We’re all busy, and we probably all have a long list of things we’d like to do with the extra hour we get when the clocks turn back for Daylight Savings Time this weekend.
It’s a night-time weekend thing, so it probably won’t be catching up on work. But wouldn’t it be nice to spend a little extra time with some friends, let the kids stay up and play a game, maybe catch up on one more episode of whatever show you’ve been watching, or watch one of the later hockey games through to the end?
Mental health consultant Mark Henick has another idea.
“When you get the opportunity for an extra hour of sleep, don’t give that up. Don’t stay up an hour later,” Henick told CBC Prince Edward Island’s Island Morning this week.
“We’ve got a great opportunity this weekend to give our mental health a little boost.”
In the long term, sleep deprivation can make anxiety and depression worse. Even in the short term, sleep deprivation can make it more difficult to regulate your emotions.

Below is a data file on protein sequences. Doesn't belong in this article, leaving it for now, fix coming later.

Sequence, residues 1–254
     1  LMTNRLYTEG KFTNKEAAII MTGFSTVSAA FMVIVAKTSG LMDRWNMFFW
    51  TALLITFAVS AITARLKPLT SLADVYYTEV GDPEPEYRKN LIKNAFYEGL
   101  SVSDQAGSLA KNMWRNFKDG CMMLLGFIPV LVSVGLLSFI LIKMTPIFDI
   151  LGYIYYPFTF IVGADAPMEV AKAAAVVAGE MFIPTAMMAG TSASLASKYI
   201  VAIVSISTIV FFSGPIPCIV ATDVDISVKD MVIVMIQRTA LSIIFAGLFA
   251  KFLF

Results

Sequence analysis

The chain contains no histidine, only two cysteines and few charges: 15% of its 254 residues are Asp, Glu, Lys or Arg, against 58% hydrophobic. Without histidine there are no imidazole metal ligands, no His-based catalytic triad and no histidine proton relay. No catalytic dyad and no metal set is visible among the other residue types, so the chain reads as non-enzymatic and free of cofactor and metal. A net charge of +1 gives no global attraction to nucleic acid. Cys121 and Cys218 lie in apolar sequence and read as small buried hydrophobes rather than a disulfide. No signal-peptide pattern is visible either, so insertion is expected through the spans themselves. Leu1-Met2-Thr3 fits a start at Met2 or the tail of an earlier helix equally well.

Many people in Canada are chronically sleep deprived. Henick said your best use of that extra hour that the time change gives us every autumn is to sleep through it.
When the clocks change, fire officials recommend you also change the batteries in your smoke detectors. That way, you can make sure they are working when you need them.
The time change happens when your clock hits 2 a.m. local time. Smart phones will automatically flip the reading back to 1 a.m.
One other note: Summerside Electric has a planned power outage from 2 a.m. to 6 a.m. Sunday. If your clock is plugged in, you might as well wait until the morning to change it.